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2016 Materials Research Society (MRS) Spring Meeting

Dr. Yuan Li, Dr. Jinsong Wu, Dr. Qianqian Li and graduate student Fernando Castro attended the 2016 Materials Research Society (MRS) spring meeting in Phoenix, AZ, from March 28 to April 1.

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Dr. Jinsong Wu, Dr. Qianqian Li and graduate student Fernando Castro attended the 2016 MRS spring conference and the “Challenges and Opportunities for Aberration-corrected Electron Microscopy” workshop at Arizona State University in Tempe, Arizona.

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Dr. Qianqian Li presented her 2016 MRS  poster titled, “Synergistic Sodiation of Cobalt Oxide Nanoparticles and Conductive Carbon Nanotubes (CNTs) for Sodium-ion Battery.”

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Dr. Qianqian Li delivered a presentation titled, “Electrochemistry of Sodium & Lithium with Selenium: Kinetics and Reaction Mechanism,” at the 2016 MRS Spring Conference.

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Graduate student Fernando Castro gave a poster presentation on his work, “Li-ion Conversion Reaction Battery Anodes with Metal-Metal Oxide Multilayer Architecture.”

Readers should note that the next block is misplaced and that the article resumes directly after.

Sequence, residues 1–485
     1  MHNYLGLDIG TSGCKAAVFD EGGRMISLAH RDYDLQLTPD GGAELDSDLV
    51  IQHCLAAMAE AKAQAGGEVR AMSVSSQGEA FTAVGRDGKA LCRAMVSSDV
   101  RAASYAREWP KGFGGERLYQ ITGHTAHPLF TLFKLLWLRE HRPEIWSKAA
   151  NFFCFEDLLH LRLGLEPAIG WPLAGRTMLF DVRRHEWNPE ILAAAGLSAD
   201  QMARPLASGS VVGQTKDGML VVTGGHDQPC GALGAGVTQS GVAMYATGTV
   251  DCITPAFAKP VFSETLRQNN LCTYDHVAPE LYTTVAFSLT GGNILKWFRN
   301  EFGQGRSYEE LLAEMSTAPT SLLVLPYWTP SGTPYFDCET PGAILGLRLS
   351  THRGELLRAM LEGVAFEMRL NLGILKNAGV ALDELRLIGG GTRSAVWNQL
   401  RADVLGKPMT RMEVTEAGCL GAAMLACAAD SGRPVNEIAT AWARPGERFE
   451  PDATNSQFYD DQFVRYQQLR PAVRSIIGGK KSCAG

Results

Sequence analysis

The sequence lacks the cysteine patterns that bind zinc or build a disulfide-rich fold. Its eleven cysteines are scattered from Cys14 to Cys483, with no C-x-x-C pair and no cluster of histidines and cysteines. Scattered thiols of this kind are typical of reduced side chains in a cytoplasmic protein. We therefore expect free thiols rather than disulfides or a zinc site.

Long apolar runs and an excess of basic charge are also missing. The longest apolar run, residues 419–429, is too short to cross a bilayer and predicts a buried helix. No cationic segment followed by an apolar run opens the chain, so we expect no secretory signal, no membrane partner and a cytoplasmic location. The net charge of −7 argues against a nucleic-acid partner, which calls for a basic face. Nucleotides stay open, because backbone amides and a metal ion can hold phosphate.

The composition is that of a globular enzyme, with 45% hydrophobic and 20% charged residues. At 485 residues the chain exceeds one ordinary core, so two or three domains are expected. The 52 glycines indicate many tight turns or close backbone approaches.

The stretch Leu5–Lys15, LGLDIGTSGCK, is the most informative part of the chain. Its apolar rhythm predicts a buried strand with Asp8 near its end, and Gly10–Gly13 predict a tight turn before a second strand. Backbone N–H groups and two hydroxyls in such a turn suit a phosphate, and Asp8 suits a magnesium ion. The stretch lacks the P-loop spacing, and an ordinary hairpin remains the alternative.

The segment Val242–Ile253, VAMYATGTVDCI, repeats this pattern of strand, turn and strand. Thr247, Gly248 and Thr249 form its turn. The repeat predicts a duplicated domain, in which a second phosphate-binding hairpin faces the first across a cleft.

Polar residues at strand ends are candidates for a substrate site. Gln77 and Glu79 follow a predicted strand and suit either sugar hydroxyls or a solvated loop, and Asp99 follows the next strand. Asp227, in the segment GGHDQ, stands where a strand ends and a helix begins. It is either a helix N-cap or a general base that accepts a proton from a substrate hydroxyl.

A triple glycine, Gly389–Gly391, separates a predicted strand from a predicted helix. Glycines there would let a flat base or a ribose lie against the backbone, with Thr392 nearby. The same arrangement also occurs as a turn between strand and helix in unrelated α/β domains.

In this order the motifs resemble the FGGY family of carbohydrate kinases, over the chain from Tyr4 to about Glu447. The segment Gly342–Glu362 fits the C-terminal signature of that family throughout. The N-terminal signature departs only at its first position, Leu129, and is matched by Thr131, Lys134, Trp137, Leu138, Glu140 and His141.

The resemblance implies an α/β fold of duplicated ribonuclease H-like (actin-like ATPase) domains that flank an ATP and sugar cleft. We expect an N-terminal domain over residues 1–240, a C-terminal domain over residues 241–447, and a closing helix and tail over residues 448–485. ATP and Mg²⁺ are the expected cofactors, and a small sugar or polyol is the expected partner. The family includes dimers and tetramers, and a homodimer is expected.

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Dr. Yuan Li discussed “Narrowing 2D to 1D: exploration of TMD nanoribbons” at the MRS 2016 spring meeting, symposium NT4.

The following is a brief summarization of his talk.  

Atomically thin two-dimensional (2-D) structures, such as layered transition metal dichalcogendies (TMDCs) and black phosphorus (BP), are being explored as potential candidates for future nanoelectronic devices due to their unique physical/chemical properties and intrinsic band gap. However, thermal transport in various 2-D materials beyond graphene have not been well-studied and their concrete thermal conductivity was not experimentally valued. In this presentation, we report a series of our research focused on developing a reliable temperature-dependent Raman spectroscopy for understanding the unique thermal conduction performance MoS2 nanoribbons. The nanoribbons of MoS2 were fabricated using a mask-controlled photolithography technique. Considering their anisotropic in-plane thermal conduction property, a Raman spectroscopy equipped with polarized laser were used to determine their thermal conductivity. Our studies provide fundamental understanding on the unique thermal conduction of 2-D structures and are possible to give inspiration for the real fabrication of their nanoscale electronic devices where thermal management is critical.